In the aftermath of the Paris attacks, we must not surrender to fear

14 Nov 2015


I’m still stunned after hearing the news of what happened in Paris yesterday evening. A country, which not long ago was shaken to its core by an attack on freedom of speech, was attacked by an insidious group hell-bent on ensuring the world bows before its sinister ideology of hatred, bigotry and fear. However, the people of Paris are strong, they endured fascism during the Second World War through sheer force of will, they didn’t give in then and they most certainly won’t give in to fear now.


The very fact that these terrorists use innocent civilians as tools to further their agenda shows that whatever misguided goal they seek is out of their grasp. This is an act of desperation. Have no doubt that this is just the death rattle of a fractured group, and the fact that France, and indeed most of the world, is standing tall in solidarity with Parisians shows that the terrorists will not win.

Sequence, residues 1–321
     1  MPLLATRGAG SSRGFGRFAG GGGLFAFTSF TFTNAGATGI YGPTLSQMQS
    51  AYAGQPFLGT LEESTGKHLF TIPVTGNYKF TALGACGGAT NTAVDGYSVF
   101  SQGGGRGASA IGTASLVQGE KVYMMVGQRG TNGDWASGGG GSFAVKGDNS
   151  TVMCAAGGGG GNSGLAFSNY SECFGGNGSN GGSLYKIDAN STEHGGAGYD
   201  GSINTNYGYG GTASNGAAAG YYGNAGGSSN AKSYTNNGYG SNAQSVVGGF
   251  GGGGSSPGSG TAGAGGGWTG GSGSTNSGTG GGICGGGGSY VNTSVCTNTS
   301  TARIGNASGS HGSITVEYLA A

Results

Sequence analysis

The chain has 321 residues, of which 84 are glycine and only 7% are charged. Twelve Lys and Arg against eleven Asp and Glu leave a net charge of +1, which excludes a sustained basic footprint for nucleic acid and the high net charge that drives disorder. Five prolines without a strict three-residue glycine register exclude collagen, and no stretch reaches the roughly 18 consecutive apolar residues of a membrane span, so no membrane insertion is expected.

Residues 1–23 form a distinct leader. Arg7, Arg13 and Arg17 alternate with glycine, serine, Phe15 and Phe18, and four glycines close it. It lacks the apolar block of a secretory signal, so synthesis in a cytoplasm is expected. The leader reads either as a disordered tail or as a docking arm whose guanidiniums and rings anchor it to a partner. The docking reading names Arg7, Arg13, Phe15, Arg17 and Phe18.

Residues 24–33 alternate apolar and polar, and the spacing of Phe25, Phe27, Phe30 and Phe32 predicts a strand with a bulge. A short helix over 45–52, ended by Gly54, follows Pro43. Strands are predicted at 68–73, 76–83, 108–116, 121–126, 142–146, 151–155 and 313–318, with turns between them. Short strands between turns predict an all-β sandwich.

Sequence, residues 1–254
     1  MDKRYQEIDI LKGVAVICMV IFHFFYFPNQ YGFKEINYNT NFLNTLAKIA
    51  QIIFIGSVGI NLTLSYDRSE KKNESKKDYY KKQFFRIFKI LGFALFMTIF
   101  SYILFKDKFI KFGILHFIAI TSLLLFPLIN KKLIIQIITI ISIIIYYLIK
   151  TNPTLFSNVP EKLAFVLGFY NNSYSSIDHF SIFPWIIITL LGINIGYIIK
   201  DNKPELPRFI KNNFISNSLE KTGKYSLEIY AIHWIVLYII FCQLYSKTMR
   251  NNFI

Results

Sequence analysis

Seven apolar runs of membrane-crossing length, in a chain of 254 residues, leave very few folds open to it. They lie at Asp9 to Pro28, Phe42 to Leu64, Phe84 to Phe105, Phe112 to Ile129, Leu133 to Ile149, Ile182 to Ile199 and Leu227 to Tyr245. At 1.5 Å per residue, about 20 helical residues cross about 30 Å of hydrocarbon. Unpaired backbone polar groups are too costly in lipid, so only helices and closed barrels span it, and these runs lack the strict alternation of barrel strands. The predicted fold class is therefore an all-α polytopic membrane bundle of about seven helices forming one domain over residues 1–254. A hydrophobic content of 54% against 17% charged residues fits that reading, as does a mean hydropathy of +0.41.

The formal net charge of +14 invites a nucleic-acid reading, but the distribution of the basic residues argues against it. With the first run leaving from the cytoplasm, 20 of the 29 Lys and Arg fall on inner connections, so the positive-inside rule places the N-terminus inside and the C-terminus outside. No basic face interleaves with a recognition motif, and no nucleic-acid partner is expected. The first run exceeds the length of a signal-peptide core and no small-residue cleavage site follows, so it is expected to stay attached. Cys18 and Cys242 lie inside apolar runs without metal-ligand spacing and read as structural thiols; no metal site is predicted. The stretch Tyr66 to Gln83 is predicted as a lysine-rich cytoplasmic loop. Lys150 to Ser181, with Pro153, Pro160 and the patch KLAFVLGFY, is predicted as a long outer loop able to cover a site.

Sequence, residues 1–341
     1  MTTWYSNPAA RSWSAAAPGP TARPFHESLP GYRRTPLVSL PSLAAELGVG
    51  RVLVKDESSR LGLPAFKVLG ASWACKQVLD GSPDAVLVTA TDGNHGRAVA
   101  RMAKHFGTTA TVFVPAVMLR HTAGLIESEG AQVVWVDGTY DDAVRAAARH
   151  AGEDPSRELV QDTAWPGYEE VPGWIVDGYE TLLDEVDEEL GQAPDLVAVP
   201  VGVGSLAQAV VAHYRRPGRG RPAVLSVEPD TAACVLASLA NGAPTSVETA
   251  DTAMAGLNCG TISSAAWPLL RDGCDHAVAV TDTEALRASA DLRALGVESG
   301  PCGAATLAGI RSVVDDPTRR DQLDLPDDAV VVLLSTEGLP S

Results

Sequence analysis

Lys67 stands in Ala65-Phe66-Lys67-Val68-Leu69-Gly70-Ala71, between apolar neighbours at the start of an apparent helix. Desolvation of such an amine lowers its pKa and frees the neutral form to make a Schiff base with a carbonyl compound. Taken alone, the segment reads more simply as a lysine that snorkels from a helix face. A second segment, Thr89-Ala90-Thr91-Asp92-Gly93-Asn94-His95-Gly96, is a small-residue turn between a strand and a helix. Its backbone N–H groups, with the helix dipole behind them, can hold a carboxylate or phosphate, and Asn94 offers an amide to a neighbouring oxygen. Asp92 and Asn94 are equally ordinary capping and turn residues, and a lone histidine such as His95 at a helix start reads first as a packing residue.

Yet humanity, for all its strident positives, could easily become marred in racist posturing with our refugee neighbours. The Front National are already using this tragedy to further their pathetic anti-immigrant agenda, as is Donald Trump in the States. No doubt, the cretins and the opportunists of this world will leap on the far-right bandwagon and point fingers with glee at the desperate people fleeing war-zones – using this tragedy as a reason to subside our moral compulsion to help those fleeing from violence.


However, for once I’m not feeing misanthropic over this whole situation. There have been uplifting examples of solidarity across the globe. Nations have lit major buildings with the French tricolour, people have tweeted the numbers of various embassies to ensure that loved ones are safe, and indeed in one touching moment a lone person cycled to France simply to play John Lennon’s Imagine. This is humanity at its best. Rather than being beaten by this tragedy, we are all collectively standing up in the face of a massacre and letting the odious, the bigots and the extremists know that we aren’t giving in.


I can only offer my thoughts to the families who have lost loved ones. I know, however, that the aftermath of this disgusting action will forever show the sheer power of human will and unity. Everyone, regardless of nation, has banded together for the Parisian people. We have sent a clear message to those who seek to tear apart the values that we hold dear: our commitment to freedom is infinitely stronger than any act of terror.


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